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Conclusion Late antique Jews cultivated literary and ideological resources with which to reflect on the political power and legitimacy of the empires in which they lived. In the case of Solomon’s throne, we have seen that these idioms were subsequently given fuller expression in the official imperial ideology of the Byzantine court at Constantinople. This process attests the parallel and mutual development of political and thus cultural identity that characterized the late Roman and Byzantine world more broadly. Artifacts and ideologies were acquired, appropriated, and mediated—​­in short, circulated—​­across ethnic, linguistic, and religious communities that made up Byzantine society. Despite important differences, the various post-​­Roman polities that were heirs to the late antique world constituted a broad semiotic community whose shared idioms of political legitimacy and power were mutually intelligible.54 But mutual intelligibility came with a cost. For late Roman and Byzantine Christians, Jews and Jewish culture occupied an especially fraught place in this economy of signs. The long-​­standing associations of the Old Testament with contemporaneous living Jewish communities made the increasing biblicization of Roman imperial ideology a fraught and ambivalent process; insofar as Christians understood the biblical and the Jewish pasts to be inextricably intertwined, the Jew came to occupy a (dis)privileged position within Christian discourses of self-​­definition.55 Nevertheless, the ceremonial, liturgical, and acclamatory practices that performatively authorized the exercise of Christian rule, in the medieval period and afterward, share a genealogy with the discourse of kingship that was cultivated by Jews within the domain their own imperial imagination.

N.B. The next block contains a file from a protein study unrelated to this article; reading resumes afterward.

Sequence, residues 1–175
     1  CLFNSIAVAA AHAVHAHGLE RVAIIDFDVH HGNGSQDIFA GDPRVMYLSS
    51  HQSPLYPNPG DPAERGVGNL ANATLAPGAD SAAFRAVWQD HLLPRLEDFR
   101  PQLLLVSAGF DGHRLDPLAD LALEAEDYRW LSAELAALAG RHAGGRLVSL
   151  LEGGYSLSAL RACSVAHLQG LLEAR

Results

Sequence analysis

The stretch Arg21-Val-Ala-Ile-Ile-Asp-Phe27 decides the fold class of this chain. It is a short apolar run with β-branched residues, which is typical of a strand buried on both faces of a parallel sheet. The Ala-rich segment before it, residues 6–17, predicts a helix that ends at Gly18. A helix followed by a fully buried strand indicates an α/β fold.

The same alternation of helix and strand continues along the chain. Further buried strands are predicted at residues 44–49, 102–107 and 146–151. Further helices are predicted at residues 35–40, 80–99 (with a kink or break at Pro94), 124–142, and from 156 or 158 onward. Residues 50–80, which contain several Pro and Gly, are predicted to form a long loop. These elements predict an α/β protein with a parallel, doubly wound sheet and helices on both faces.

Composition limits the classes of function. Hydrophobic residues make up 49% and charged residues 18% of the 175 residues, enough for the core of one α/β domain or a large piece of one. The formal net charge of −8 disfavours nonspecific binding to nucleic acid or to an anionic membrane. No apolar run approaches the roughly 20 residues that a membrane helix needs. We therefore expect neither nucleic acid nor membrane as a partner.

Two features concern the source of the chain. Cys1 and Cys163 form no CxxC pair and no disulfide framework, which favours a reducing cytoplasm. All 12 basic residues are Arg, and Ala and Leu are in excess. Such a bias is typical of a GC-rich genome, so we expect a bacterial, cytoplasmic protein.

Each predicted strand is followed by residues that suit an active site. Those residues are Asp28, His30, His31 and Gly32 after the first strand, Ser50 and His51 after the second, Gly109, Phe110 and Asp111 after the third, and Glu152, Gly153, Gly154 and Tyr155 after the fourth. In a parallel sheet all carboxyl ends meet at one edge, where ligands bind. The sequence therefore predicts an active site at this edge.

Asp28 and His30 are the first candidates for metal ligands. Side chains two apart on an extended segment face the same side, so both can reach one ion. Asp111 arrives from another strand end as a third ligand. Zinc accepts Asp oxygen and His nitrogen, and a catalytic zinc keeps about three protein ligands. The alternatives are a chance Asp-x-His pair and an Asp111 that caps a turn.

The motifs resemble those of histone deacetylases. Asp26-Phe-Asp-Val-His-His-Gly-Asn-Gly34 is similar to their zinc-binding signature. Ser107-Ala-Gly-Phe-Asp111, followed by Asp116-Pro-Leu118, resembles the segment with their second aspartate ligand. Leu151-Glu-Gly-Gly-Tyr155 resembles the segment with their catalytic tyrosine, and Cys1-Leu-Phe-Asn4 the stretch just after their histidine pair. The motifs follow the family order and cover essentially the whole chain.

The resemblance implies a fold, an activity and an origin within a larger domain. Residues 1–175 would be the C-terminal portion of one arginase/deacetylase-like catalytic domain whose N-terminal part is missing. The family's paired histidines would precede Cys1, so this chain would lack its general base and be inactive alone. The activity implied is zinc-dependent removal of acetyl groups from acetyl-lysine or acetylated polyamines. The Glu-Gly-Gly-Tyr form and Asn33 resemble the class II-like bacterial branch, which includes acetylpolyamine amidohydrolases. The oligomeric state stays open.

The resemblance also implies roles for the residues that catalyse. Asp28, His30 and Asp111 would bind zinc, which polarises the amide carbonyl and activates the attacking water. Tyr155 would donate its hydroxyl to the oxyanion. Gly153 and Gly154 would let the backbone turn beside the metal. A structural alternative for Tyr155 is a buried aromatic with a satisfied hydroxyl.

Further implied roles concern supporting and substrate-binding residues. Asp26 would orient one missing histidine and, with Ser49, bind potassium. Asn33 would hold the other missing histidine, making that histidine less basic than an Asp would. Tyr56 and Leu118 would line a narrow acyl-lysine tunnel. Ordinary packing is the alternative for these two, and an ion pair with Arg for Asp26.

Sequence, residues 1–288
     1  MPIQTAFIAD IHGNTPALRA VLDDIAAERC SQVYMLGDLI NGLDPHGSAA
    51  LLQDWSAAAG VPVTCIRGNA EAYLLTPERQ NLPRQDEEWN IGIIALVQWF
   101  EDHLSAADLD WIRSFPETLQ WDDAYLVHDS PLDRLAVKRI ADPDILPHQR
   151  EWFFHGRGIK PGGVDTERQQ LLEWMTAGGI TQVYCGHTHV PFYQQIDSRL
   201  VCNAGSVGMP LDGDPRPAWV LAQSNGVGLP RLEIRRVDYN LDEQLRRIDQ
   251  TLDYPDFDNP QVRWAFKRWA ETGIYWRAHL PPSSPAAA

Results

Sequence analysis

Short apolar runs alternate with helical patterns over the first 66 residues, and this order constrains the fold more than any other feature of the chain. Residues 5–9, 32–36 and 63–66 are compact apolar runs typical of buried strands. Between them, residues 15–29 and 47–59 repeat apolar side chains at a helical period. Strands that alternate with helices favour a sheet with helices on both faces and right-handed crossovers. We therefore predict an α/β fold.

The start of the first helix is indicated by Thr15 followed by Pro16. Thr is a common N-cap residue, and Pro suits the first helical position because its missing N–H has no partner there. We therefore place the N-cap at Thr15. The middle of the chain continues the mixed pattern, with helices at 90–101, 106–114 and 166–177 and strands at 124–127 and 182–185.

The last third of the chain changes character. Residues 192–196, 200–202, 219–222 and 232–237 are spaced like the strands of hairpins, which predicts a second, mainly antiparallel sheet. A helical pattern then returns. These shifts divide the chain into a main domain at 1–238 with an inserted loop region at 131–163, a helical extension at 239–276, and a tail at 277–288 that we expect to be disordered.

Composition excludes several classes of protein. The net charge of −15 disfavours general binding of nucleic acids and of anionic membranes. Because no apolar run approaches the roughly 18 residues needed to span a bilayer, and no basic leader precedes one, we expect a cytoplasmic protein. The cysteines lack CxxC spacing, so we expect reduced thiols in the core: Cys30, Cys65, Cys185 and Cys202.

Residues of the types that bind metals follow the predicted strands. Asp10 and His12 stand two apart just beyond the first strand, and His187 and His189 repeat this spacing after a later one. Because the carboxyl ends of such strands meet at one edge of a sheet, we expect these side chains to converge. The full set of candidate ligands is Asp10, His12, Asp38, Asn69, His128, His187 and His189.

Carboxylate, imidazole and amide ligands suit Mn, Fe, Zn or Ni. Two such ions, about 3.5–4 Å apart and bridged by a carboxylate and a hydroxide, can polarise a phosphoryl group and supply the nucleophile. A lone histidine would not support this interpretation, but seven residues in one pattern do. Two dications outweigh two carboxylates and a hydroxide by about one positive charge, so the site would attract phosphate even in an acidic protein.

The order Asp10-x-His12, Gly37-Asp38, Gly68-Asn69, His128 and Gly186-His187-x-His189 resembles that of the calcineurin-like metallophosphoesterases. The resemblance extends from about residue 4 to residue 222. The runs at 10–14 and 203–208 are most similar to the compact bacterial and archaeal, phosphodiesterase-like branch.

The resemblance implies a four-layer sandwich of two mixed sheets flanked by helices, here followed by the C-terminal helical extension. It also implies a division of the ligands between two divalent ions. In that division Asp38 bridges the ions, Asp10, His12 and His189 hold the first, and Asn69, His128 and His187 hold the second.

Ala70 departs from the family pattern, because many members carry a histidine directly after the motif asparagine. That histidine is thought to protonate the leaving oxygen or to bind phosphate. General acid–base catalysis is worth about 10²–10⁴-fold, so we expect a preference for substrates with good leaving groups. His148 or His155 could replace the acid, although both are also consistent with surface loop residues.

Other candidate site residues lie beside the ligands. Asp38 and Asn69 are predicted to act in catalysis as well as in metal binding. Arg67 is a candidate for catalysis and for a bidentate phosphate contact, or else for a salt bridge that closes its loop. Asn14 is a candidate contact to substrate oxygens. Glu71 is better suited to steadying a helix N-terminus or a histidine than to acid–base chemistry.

P art I I I

Continuity and Rupture